Australian feminist Clementine Ford slams Otago Daily Times for 'sympathetic' rapist article

Australian feminist Clementine Ford has accused the Otago Daily Times (ODT) of "disgusting" reporting of a South Island rape.

Daniel Peter Moore was sentenced to six and a half years in prison for raping a woman in a public toilet in Waihola in April 2018.

On Tuesday, the ODT published an article by Rob Kidd about the events leading up to the attack. It began by describing Moore as an "average Kiwi bloke" with an "unblemished criminal record".

"But on April 20 everything changed," the article said.

It went on to describe Moore's marital problems as well as his childhood trauma, implying these were factors in his eventual decision to trap a woman in a toilet and repeatedly rape her over the course of half an hour.

In a post to her official Facebook page where she has more than 188,000 fans, columnist and author Ford said the article was "a perfect (and perfectly disgusting) example of how rape culture is perpetuated in poor reporting".

She took issue with how the story cast Moore in a sympathetic light, and seemed to imply an unhappy marriage was to blame for his crime.

"The first half of this article focuses on how a rapist - 'an average Kiwi bloke' - was having marital problems and that's what made him abduct and rape a woman repeatedly over the course of 30 minutes," she wrote.

"Poor bloke, having a barney with his missus!"

Ford also criticised the article for including the line "everything changed".

"This man was not subject to an external and unavoidable course of life," she wrote.

"He wasn't the victim of a natural disaster. His 'descent' into sex attack! Like he slipped off a cliff!

"No. He is a rapist and he made the choice to harm and violate another human being. HER life is the one that's changed."

Ford said the story was emblematic of "rape culture".

"It's presenting mitigating circumstances for people who choose to violate another person, inviting the audience to feel sympathy for what they've lost and the 'pressure' they were under.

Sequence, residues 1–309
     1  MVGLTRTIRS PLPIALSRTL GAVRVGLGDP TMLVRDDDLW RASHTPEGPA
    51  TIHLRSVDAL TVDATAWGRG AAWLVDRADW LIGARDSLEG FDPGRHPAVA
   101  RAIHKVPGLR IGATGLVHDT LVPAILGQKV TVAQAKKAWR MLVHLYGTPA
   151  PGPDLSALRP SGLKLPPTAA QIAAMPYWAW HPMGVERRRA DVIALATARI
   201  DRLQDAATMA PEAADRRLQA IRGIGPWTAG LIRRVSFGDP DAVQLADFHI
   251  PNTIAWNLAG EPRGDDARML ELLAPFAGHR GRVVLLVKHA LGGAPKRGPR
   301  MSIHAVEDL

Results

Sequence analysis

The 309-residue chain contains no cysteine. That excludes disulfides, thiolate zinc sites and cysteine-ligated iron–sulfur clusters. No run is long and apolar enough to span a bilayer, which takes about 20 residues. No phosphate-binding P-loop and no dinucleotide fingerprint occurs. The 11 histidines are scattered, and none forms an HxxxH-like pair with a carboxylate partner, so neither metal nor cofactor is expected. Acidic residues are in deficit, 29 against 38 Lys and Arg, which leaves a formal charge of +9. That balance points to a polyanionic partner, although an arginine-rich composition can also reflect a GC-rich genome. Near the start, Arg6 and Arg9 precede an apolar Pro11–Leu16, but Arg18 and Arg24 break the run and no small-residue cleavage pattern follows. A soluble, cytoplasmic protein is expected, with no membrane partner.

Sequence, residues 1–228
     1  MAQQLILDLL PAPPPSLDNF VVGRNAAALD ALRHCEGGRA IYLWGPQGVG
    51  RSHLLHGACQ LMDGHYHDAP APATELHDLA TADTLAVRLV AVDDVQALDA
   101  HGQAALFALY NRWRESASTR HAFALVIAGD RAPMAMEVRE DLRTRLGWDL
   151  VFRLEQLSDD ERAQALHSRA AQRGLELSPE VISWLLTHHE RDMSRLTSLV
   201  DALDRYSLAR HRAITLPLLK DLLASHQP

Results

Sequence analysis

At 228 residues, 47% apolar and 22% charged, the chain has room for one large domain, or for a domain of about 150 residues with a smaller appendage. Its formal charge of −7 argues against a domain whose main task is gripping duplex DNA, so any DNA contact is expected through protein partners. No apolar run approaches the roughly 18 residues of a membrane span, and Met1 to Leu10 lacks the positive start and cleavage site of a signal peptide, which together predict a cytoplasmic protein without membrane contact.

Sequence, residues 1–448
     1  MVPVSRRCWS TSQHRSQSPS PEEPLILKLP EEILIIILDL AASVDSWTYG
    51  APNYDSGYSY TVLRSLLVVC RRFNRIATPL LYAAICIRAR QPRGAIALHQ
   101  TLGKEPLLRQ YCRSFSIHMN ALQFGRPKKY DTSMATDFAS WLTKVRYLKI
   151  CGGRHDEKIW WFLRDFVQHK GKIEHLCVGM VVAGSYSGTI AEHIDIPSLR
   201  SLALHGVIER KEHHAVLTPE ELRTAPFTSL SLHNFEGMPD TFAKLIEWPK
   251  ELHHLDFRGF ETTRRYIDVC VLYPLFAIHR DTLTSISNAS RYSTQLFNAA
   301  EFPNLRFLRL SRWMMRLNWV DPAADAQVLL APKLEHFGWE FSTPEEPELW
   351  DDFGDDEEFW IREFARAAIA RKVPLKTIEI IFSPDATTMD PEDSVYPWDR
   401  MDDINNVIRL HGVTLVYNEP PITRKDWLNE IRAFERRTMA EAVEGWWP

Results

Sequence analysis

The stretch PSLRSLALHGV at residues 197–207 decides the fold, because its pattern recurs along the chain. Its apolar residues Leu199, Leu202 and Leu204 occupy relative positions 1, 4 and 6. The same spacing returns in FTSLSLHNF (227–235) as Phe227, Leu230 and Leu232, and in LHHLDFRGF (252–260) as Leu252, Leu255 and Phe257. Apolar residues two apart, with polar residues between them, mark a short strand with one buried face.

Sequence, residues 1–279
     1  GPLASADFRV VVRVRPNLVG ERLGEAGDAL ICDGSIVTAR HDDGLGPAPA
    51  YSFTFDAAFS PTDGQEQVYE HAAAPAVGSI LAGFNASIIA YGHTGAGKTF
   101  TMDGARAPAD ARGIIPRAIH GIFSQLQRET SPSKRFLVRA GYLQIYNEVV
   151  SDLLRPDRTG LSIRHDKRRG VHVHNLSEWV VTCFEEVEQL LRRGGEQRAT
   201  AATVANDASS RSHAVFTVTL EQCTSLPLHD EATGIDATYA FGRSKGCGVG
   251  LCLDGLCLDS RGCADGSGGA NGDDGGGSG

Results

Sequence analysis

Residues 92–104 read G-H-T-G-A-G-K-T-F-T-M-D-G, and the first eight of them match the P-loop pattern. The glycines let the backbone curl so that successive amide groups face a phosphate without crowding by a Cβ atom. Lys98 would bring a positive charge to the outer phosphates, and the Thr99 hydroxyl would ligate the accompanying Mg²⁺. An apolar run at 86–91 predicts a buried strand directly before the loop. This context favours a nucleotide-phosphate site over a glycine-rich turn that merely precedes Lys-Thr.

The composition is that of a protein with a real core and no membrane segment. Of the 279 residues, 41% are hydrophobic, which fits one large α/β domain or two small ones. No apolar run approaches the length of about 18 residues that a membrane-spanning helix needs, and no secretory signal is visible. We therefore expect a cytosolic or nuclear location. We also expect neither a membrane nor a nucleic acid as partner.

"This is why newspapers and journalists need to have extensive training in how to properly report on these issues."

Ford's post has attracted more than 300 comments, many of which echoed her disapproval. People also criticised the New Zealand Herald, who republished the story under the new headline 'Rape in a Waihola public toilet: Married father's descent into sex attack'.

Others said the way the article described Moore as having "finished with" his victim after raping her made their "skin crawl".

Some Kiwi journalists have joined Ford in condemning the article, including former editor of the Wairarapa Times-Age Andrew Bonallack.

"She makes a very clear point and I think she's right," he wrote in Facebook group Kiwi Journalists Association.

"Speaking generally (and trying not to specifically critique the ODT story), there is nothing wrong in reporting mitigation as expressed by defence in a court.

"But it's usually in the latter part of the story, after the crime has been detailed and the prosecution and victim have got stuck in."

Former journalist Ann Aitken Worth said she agrees with Ford "entirely".

"The wording of the intro is horrifying and while I don't see an issue with the body of the story, the tone has already been established to colour the reading," she wrote.

"Have to say I share her outrage," wrote NZME journalist Anna Clements. "Stomach-churning reading."

Media commentator Gavin Ellis, who originally shared Ford's comments with the Facebook group, theorised that the problem stemmed from the reporter trying to write a court story as more of a "colour piece".

"That approach is fraught. It can be done... but it requires great skill and care to ensure that the requirements of balance and accuracy are met."

ODT has been approached for comment.

Ford visited New Zealand in November to promote her latest book Boys Will Be Boys.